Making tea correctly isn't difficult, but there are some guidelines. The best teas in the world can taste pretty bad if prepared incorrectly. Alternatively a very inexpensive tea can be delicious if made well. Every tea has its own quirks but here are some general guidelines.
There are seven factors that effect the quality of brewed tea:
- Tea leaf quality
- Water quality
- Using the correct amount of tea
- Correct water temperature
- Correct steeping time
- Whether the tea leaves are fully expanded
- Removing the leaves from the liquid after the correct steeping time
Use the best teas available to you. Good tea is a bargain. A tea which is $100.00 per pound, is just 50 cents per cup!
When making any tea, be sure you begin with good water. Water makes up over 90 % of the end product. Water quality and taste can be very different between one location and another. If your water tastes really good out of the tap chances are it will make good tea. Luckily, here in Cincinnati we have some of the cleanest tap water in the nation! If any unpleasant taste is in the tap water, you will probably notice it in the tea.
An easy and reliable way to get good quality water is to use a water filter (Brita/Pür). You can usually find these at a supermarket or online via Amazon. Never, ever use distilled water!
Always start with water from the tap, not water which has been previously boiled or has been sitting around. First, use a small amount of heated water to warm the pot before beginning to make your tea.
Then measure the correct amount of tea into the pot. A good guideline is 1 rounded teaspoon per 8 oz. cup. I'm refering to a formal teaspoon, not the teaspoon in your silverware set which is usually much larger than a true teaspoon. A particle tea such as a Zimbabwean Black is denser allowing more tea on the spoon. As such you would probably use a level teaspoon per cup. With a very large leafed bulky tea like Himalayan Tips you would only have a little leaf on the teaspoon, so you might use two teaspoons per cup. Generally the weight of these would then be nearly the same.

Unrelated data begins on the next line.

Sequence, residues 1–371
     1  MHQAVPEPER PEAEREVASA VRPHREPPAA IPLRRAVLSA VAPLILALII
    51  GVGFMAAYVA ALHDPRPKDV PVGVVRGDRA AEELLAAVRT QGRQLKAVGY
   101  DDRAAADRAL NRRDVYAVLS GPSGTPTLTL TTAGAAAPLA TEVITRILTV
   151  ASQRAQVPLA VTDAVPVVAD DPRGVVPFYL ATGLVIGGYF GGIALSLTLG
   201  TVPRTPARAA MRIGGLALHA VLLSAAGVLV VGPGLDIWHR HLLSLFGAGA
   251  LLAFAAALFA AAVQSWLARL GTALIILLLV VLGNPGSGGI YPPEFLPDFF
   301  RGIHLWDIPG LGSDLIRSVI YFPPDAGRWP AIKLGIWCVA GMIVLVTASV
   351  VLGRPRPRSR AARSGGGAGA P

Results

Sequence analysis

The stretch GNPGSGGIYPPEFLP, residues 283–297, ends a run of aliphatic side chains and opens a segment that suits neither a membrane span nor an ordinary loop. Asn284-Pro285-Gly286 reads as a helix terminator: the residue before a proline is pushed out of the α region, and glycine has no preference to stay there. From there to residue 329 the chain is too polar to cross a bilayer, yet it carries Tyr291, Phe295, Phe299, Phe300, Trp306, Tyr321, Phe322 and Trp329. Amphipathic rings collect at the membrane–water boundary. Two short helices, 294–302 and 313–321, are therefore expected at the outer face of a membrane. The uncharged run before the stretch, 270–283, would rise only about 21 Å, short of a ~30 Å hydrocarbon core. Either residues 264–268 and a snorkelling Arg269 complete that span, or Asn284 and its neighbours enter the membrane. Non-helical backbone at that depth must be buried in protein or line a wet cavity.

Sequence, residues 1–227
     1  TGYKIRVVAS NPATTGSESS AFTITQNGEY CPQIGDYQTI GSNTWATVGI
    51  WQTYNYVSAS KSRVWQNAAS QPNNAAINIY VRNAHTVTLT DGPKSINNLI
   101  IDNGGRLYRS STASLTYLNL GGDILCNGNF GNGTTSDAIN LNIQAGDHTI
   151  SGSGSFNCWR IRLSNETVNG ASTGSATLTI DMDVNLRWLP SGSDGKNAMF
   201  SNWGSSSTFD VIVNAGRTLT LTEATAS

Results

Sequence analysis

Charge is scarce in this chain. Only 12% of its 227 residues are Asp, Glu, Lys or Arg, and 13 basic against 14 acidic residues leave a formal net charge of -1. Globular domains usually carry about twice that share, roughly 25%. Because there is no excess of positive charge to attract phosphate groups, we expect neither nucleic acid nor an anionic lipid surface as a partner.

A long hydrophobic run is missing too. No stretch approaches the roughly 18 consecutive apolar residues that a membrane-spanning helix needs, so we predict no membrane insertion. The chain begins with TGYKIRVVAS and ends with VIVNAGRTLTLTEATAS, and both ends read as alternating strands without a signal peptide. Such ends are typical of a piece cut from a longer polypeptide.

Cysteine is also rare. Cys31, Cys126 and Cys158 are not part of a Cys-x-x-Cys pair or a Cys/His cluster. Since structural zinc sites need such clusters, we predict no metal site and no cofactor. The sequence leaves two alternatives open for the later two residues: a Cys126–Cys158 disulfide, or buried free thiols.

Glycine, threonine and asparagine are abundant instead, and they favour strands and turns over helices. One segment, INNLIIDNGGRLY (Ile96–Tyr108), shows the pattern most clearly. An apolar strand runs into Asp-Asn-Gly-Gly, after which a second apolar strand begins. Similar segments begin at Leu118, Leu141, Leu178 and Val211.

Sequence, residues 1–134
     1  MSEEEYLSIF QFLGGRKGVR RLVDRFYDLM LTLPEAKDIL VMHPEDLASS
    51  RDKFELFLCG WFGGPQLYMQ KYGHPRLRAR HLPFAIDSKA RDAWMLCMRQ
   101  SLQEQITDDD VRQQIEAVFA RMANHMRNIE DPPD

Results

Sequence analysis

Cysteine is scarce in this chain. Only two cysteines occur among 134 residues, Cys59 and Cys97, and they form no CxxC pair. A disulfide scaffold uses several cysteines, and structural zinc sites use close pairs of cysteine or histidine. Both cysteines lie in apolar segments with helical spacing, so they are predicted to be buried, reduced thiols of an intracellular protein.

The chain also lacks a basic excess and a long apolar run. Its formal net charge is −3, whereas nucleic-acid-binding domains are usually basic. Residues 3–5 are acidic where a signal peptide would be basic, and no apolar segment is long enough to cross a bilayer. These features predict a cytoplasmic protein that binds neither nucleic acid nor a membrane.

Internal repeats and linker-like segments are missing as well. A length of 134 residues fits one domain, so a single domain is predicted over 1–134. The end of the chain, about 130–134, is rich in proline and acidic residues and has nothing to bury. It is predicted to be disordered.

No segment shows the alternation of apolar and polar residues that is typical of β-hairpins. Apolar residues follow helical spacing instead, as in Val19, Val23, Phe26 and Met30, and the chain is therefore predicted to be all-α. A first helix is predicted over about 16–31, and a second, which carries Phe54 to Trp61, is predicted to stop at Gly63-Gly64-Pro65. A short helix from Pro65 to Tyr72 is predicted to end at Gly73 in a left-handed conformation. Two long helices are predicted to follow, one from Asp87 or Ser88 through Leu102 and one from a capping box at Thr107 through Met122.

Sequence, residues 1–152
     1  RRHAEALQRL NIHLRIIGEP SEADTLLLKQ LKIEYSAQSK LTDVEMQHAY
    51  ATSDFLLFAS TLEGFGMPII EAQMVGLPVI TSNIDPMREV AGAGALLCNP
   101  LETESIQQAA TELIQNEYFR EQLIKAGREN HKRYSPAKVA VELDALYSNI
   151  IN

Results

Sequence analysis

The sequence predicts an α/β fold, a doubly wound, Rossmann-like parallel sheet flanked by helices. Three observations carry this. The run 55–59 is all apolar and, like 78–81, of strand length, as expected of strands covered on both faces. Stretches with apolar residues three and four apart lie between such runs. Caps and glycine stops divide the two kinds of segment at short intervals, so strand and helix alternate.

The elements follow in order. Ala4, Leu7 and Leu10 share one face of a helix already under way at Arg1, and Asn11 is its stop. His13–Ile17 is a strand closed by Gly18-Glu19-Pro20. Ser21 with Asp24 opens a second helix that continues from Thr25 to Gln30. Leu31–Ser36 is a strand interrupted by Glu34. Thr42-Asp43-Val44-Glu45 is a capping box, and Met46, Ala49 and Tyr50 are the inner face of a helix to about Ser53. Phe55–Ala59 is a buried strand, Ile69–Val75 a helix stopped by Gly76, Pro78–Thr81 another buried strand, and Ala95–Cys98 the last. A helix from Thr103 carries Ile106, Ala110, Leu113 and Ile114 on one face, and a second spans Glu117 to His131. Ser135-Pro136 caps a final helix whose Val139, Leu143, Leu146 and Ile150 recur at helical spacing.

Different teas require different steeping temperatures. Using the wrong steeping temperature is probably the most common error people make when preparing tea. You can buy a thermometer to gauge temperature or you can look for visual clues.
Black tea generally should be made with water at a full, rolling boil, 212 degrees fahrenheit.
Oolong tea (also known as wulong tea) should be made with water a little bit below boiling, between 190 and 203 degrees fahrenheit. The water should be steaming rapidly and there should many bubbles rising in the kettle, but not really breaking the surface.
White teas should be made with even cooler water, anywhere from 150 to 160 degrees fahrenheit, when you see the very first hint of steam.
Herbal teas should typically be made with boiling water.
Different teas also require different steeping times.
Black teas should steep between 4 and 6 minutes. Darjeelings are an exception and should be steeped between 2 and 3 minutes or they'll become bitter.
Oolong teas (also known as wulong tea) vary rather dramatically and you need to experiment or follow the suggested steeping instructions from the blender. Many oolongs (wulongs) are perfect between 3 and 4 minutes, some need between 6 and 8 minutes.
Green teas should typically be steeped for much less time, almost always between 2 and 3 minutes.
Whites teas should generally be steeped around 2 minutes, although some can be steeped much longer with decent results.
Pu'erh teas should be steeped between 7 and 8 minutes minimum. I like to steep Pu'erhs around 18 minutes. To keep your pu'erh hot while steeping such a long time, simply cover your pot with a tea cozy or wrap it with a dish towel.
Herbals typically should be steeped a minimum of between 4 and 6 minutes, some for up to 10.
All teas need room for the leaf to expand as it steeps. Regardless of what preparation method you use, make sure the leaf has enough room to expand up to 3-5 times in size. Brewing the leaves loose and then straining works best. I like to use infusers, which allow the leaves to expand but are easier to clean than just brewing the leaves loose. Tea balls make poor tea, there's no room to expand and the flavor never gets released.
Separate the leaves from the water after the tea has steeped the correct length of time. Almost all teas will turn bitter if steeped too long. An infuser makes this part easy. Straining the brewed liquid away from the leaves works also.
Making tea is very easy, but does require a little extra attention.